As a doctor, let me tell you what self-love does:
It improves your hearing, your eyesight, lowers your blood pressure, increases pulmonary function, cardiac output, and helps wiring the musculature. So, if we had a rampant epidemic of self-love then our healthcare costs would go down dramatically. So, this isn’t just some little frou-frou new age notion, oh love yourself, honey. This is hardcore science
“Beloved in Thee I Am Well Pleased” is the epitaph on
the gravestone of James Andrew Wantland. According to the Gospel of Saint
Luke, God spoke these words to his son, Jesus, at Jesus’ baptism. Given
that James Andrew Wantland–Andrew, he was called–was twelve years old
when he died, the choice of epitaph is striking. It does not express the
sentiments one usually associates with the untimely death of a child. It
suggests satisfaction, rather than regret or loss or sorrow. On the grave
of a mature person it would presumably pay tribute to a life of
accomplishment and fulfillment; on that of a child it seems almost too
much to bear. But Andrew Wantland was the child of Christian Scientists,
and the children of Christian Scientists have much to bear.
As a Christian, how have you responded to the people who try to disprove and denounce your faith with science and evolution?
I don’t agree with the belief that science and faith cannot coexist. Yes, many of the greatest minds in history never practiced religion, however, just as many of the greatest minds did. These minds did not believe their faith contradicted what they studied from the world around them, and these individuals have greatly impacted the way we study the world. Max Planck? Issac Newton? Lord Kelvin? The very men we name units of measurement after? They believed in God. In fact, many of them became stronger believers the MORE science marched forwards.
“In the last few years astronomy has come together so that we’re now able to tell a coherent story of how the universe began. This story does not contradict God, but instead enlarges [the idea of] God.”
However, I also believe that denying science is just as narrow-minded and arrogant as denouncing religion as intellectually stagnant. I believe that is completely disrespectful towards those individuals who have dedicated their lives towards the noble goal of understanding the world around us. Yes, some scientists are arrogant and dishonest, but every group has some of those kinds of people so let’s not paint in broad strokes. Scientists put a lot of work into what they do; show them some appreciation.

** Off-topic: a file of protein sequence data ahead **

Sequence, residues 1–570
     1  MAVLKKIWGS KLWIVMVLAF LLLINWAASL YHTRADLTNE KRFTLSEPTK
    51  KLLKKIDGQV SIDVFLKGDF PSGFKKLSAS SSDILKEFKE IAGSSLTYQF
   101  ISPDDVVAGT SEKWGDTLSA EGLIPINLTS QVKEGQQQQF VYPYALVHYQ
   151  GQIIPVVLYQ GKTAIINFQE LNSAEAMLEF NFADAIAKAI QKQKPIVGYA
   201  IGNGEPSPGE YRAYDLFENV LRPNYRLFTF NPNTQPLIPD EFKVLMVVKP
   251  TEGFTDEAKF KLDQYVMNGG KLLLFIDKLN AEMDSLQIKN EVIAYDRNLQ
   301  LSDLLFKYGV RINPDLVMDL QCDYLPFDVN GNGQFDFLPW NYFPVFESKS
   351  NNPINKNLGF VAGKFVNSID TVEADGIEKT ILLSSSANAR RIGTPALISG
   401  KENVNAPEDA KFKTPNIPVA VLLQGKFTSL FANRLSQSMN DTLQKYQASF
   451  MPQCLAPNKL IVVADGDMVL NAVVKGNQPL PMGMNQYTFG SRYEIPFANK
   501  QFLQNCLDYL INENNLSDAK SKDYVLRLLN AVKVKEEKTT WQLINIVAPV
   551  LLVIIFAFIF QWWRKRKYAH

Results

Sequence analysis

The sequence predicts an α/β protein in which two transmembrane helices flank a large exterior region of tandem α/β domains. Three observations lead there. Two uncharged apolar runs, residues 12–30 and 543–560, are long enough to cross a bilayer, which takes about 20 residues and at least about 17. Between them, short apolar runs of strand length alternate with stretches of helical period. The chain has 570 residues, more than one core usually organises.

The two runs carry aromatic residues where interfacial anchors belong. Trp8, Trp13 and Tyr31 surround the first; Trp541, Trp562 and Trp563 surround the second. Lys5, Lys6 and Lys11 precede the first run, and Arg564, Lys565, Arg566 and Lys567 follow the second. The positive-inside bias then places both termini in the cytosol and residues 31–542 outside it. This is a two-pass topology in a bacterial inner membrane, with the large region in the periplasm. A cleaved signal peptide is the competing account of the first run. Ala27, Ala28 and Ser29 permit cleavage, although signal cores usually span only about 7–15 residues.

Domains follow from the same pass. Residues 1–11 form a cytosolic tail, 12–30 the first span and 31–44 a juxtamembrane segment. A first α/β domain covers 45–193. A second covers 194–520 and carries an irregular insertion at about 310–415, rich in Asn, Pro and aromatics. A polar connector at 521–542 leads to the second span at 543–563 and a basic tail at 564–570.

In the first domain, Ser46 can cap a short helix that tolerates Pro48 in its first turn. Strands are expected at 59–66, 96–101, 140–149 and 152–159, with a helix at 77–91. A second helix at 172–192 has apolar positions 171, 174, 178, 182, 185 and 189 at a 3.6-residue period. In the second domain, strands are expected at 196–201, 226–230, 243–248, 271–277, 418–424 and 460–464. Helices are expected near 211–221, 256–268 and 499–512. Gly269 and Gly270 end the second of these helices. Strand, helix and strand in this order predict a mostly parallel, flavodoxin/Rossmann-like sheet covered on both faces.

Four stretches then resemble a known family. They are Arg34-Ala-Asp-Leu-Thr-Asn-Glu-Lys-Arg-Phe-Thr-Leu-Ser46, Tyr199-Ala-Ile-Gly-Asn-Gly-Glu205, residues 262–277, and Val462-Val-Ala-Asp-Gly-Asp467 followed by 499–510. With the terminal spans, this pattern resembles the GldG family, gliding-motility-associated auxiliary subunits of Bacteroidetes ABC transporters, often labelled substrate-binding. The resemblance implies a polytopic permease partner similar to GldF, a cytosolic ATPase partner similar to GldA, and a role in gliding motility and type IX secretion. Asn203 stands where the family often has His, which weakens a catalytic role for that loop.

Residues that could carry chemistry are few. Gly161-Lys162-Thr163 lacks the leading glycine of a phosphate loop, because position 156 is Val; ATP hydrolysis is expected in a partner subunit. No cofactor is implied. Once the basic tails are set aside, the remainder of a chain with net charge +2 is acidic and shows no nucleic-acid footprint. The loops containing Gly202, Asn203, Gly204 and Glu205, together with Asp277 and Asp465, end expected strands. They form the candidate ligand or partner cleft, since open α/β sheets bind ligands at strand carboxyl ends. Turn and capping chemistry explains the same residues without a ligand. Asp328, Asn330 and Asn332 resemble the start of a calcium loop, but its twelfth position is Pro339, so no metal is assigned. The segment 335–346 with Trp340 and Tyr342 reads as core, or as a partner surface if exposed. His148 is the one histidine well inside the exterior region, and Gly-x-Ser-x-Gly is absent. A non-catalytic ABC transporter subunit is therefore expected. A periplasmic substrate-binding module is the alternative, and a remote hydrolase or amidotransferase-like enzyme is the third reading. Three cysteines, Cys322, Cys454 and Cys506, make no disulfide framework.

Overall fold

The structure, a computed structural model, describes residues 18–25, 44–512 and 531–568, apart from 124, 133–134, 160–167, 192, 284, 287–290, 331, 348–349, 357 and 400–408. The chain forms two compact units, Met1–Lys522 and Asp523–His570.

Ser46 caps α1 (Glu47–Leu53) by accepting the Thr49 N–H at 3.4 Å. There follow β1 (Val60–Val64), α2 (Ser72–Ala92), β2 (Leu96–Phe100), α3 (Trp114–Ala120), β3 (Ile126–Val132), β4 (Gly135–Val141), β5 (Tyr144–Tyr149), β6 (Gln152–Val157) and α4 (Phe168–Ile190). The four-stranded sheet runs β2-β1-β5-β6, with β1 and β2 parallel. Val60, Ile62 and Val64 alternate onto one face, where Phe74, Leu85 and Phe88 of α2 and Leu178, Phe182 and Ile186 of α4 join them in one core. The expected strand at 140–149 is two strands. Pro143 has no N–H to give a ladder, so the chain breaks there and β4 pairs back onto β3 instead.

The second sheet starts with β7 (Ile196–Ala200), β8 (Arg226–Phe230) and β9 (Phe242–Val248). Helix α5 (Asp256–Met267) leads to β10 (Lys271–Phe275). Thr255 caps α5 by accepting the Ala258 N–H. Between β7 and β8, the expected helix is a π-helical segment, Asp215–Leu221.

My Recent Google Search of Ginger in the News section has come up this… Now I certainly didn’t know Ginger personally but reading about her and studying her life for the last 20+ years I feel like her Christian Science self would be a bit appalled at this… My limited research into Christian Science consistently shows that they absolutely do not believe in ghosts. I am 100% behind a Ginger Rogers Museum and I plan to go often, but to claim she is haunting the house makes me sad. If it is fabricated it’s in very bad taste and is disrespectful towards what she believed in to her very core. That also being said if it’s true I would LOVE to meet Ginger’s Spirit (I think that might be how I die… From an overwhelming fangirl heart attach as a result of meeting the Love of my life’s ghost.)
Now I personally am no Christian Scientist and don’t believe in the paranormal (I think that when you let that stuff in your life your asking for trouble) So I’m gonna call BS on these claims anyway, But then again I am a skeptic through and through so I guess prove me wrong.
(also side note these articles imply that Ginger grew up in the house in Missouri but she only lived there from the time she was born till 1915 when she went to live with her grandparents while her mother Lela went to take on Hollywood. I don’t call the first 4 years a persons life growing up exactly. Not when Ginger herself remembered very little of it and remembers quite a bit more of her time at her grandparents house, her younger years living in New York as well as the house her mother and she shared with John Rogers in Fort Worth.)